create a new union. He got help from Jeffrey Mphahlele, a local teacher, to register a
new union with the Department of Labour. They called it the Association of
Mineworkers and Construction Union (Amcu). It was officially registered in 2001.
Palane tried to convince Amcu to rejoin the NUM, but Mathunjwa refused. “I told
Archie that if he becomes the General Secretary of the NUM, we will come back,” he
said – something that failed to materialise when Frans Baleni won the contest to
Amcu gained recognition at Douglas, but in subsequent years it faced an endless
to the gain recognition in the face of tactics by seemingly suspicious
employers who were colluding with established unions. BHP Billiton, for instance,
created bargaining forum at company level with a threshold of 30% membership
across the group before it recognised a union.
Still, Amcu is currently the representative of workers at various mines in
Mpumalanga, including coal, chrome and platinum mines, as well as coal mines in
KwaZulu-Natal. It also has members at chrome and platinum mines in Limpopo –
Two Rivers and Modikwa.
The union is especially well represented amongst mining contractor companies, as
these employers are usually not bounded by recognition agreements. For the same
reason the workers in these establishments are often also more vulnerable.
“Mpumalanga is our strongest region, but I think North West is growing strongly.
The numbers [there] may soon overtake the membership in Mpumalanga,”
Mathunjwa says. In the
Northern Cape it is recruiting among contract workers at the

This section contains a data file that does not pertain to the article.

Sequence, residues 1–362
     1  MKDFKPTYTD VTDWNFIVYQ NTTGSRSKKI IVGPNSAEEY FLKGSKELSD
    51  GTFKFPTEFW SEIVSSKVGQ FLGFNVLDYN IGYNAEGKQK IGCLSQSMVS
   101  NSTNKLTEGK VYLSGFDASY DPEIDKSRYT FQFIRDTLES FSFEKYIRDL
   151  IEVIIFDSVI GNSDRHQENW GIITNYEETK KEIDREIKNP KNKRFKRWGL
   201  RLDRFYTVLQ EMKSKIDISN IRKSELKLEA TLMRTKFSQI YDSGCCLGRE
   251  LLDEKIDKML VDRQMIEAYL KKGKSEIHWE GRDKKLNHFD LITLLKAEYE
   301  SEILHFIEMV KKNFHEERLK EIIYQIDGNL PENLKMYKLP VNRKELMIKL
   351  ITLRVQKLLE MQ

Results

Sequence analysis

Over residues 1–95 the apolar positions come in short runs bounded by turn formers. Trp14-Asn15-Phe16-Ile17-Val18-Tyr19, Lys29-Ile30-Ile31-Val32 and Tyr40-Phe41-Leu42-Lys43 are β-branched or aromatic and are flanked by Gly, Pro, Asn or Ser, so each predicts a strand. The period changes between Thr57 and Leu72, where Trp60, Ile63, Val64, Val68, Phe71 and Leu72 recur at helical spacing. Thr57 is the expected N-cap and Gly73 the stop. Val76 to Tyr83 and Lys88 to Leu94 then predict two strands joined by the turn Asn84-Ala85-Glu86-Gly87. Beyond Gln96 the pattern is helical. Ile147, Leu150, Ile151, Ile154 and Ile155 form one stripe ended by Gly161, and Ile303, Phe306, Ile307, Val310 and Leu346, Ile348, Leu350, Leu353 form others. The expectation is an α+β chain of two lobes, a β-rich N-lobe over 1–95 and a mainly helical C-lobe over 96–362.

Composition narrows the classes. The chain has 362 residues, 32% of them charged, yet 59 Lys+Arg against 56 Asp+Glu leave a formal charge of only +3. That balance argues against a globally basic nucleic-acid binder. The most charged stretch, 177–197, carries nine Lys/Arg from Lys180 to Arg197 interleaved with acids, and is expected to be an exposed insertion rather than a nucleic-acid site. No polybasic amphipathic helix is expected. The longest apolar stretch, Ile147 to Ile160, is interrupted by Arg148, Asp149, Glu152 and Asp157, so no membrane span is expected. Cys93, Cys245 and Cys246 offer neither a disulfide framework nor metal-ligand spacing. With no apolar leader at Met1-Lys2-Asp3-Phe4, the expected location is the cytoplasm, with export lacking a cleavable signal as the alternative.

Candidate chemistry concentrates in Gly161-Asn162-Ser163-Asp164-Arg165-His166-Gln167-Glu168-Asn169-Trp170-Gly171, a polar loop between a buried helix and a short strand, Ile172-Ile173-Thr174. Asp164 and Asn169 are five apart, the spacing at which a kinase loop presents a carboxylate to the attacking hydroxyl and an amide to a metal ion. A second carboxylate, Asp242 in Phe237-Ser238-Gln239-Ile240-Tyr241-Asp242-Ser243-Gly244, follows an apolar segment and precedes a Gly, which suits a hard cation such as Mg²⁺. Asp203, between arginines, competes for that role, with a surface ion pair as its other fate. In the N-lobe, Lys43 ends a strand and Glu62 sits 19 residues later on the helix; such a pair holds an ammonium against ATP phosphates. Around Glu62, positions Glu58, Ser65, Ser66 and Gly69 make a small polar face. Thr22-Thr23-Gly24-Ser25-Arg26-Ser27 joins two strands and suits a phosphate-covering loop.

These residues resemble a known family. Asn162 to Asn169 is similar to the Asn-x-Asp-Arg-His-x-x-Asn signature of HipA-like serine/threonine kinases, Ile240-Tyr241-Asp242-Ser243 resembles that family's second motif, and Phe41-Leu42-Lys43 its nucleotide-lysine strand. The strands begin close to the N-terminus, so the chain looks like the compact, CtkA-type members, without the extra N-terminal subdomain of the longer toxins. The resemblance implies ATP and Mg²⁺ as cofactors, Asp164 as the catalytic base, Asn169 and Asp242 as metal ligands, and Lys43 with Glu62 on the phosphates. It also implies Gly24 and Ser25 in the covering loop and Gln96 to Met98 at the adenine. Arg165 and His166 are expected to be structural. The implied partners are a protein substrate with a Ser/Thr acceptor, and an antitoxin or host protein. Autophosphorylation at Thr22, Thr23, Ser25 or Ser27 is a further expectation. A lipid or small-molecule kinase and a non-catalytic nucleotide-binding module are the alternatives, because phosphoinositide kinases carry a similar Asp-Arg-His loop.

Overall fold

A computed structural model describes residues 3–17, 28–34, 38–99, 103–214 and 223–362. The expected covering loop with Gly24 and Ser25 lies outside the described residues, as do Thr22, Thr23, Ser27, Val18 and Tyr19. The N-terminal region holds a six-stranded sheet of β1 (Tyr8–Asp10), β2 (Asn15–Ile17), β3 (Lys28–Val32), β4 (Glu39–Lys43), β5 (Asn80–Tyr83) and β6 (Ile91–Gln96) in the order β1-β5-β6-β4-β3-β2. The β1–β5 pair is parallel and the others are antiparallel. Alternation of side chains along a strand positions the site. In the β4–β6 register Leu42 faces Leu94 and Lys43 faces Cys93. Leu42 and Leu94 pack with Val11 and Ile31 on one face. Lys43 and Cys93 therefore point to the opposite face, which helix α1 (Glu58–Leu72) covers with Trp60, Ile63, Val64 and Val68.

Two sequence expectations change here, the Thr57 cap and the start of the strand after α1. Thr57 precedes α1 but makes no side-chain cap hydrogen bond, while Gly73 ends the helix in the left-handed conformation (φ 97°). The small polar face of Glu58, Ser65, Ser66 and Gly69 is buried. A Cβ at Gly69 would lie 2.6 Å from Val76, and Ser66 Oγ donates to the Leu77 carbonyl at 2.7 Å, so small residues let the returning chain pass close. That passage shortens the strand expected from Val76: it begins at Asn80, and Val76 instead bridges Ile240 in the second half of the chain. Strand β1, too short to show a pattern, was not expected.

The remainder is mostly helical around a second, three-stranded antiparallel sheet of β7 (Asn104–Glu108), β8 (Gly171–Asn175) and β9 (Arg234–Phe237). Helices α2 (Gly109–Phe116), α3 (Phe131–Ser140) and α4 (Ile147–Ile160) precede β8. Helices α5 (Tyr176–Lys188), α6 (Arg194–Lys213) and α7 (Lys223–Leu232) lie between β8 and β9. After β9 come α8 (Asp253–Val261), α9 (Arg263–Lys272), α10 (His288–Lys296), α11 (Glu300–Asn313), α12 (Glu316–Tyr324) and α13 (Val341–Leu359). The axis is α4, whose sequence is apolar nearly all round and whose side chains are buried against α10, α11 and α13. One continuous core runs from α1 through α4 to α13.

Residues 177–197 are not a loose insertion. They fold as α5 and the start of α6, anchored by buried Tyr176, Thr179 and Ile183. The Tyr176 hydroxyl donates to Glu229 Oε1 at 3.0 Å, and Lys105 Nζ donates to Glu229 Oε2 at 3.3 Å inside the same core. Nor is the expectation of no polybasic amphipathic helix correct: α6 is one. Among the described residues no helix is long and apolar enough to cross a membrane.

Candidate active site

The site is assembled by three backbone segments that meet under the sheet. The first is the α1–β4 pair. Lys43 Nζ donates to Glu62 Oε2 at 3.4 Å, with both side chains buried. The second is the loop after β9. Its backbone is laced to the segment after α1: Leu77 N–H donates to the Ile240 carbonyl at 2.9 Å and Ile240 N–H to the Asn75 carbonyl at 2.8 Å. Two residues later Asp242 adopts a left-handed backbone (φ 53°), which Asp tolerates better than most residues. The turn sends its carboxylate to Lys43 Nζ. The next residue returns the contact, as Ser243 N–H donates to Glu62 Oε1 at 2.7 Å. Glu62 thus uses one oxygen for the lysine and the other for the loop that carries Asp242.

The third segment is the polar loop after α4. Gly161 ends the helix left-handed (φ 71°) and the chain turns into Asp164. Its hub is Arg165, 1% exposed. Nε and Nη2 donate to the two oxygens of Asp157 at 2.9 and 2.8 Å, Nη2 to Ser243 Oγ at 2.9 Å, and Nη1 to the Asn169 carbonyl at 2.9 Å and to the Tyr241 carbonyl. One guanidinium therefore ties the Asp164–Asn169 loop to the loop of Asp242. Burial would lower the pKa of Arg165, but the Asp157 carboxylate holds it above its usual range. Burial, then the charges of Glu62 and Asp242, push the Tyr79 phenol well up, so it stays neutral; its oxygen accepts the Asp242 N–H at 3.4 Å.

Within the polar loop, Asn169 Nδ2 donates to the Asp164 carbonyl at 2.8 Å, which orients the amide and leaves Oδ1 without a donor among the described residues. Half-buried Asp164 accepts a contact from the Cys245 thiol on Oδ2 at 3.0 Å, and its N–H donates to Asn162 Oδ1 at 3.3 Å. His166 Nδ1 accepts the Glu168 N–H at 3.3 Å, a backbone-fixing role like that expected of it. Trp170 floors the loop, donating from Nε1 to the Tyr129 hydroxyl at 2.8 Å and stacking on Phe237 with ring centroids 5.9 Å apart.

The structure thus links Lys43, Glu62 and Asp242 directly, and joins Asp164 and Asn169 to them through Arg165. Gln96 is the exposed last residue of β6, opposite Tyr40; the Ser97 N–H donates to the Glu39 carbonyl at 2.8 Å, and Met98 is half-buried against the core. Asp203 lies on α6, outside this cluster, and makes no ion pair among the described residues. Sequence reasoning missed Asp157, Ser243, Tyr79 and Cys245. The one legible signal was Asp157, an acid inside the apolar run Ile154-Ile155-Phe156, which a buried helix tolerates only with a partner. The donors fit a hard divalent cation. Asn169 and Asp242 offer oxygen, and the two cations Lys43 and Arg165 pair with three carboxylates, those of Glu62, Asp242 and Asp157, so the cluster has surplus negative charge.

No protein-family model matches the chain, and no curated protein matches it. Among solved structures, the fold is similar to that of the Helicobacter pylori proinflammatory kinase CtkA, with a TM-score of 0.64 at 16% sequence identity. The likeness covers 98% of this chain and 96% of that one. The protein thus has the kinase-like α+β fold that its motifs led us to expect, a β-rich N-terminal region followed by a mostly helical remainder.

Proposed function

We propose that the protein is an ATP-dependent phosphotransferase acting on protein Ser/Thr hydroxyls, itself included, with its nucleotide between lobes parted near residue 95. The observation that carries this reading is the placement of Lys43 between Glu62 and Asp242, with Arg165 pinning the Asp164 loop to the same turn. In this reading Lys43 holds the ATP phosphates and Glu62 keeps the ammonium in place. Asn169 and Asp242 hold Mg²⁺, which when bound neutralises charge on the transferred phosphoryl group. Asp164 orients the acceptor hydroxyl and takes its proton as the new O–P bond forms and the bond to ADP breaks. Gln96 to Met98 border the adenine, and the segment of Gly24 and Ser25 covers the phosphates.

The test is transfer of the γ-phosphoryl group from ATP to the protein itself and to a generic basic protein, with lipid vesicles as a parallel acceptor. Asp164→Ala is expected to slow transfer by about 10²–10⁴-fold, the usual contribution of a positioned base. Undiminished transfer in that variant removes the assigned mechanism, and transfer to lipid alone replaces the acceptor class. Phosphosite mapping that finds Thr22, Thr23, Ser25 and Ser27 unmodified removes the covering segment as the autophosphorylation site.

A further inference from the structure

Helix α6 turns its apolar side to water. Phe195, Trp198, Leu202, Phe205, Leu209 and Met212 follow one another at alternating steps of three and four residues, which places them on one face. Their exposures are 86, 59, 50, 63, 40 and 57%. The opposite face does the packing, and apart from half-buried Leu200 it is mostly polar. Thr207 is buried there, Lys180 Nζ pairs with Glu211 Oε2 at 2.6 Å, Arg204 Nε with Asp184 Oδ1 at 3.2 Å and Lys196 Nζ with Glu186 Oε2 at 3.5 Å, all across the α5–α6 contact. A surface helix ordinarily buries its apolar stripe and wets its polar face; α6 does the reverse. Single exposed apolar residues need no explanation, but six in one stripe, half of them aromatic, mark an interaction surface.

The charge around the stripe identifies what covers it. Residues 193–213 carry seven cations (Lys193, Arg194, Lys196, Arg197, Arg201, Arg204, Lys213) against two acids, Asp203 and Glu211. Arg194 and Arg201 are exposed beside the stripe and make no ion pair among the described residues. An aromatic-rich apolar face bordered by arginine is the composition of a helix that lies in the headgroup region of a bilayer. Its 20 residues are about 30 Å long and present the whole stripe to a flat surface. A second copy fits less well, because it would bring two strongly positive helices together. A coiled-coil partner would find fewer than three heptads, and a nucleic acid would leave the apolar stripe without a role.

iron ore and manganese mines around Kathu and Hotazel. “We don’t have any
recognition agreements in place yet, but we will probably establish an office before
Meanwhile, analysts and even the NUM are baffled by die meteoric rise of Amcu at
Impala Platinum Rustenburg; a 14-shaft mining complex with a workforce of 30,000,
of which some 20,000 are unionised.
Amcu was widely blamed for the devastating strike in February and March and the
accompanying violence, but it is virtually impossible for a union with no recognition
agreement or even organisational rights to gain access to a particular employer’s
premise; especially in a closed, controlled environment like an underground,
precious metals mining operation.
It was recruiting members at the gates of some of the Implats shafts prior the strike,
on invitation of some workers, only to be removed by security personnel.
also ample evidence of discontent and even open revolt against the NUM among
important pockets of the workforce, particularly the rock-drill operators (RDOs).
These RDOs, some 4,300 of them, initiated a strike after they learnt about an 18%
bonus increase that was given to selective workers in higher category jobs.
CHANGE IN PROFILE
These events may have ignited the strike, but the stoppage was probably the
outcome of problems that had been simmering for some years. One such issue was
an agreement signed between the NUM and Implats in 2007, which stipulated a 50%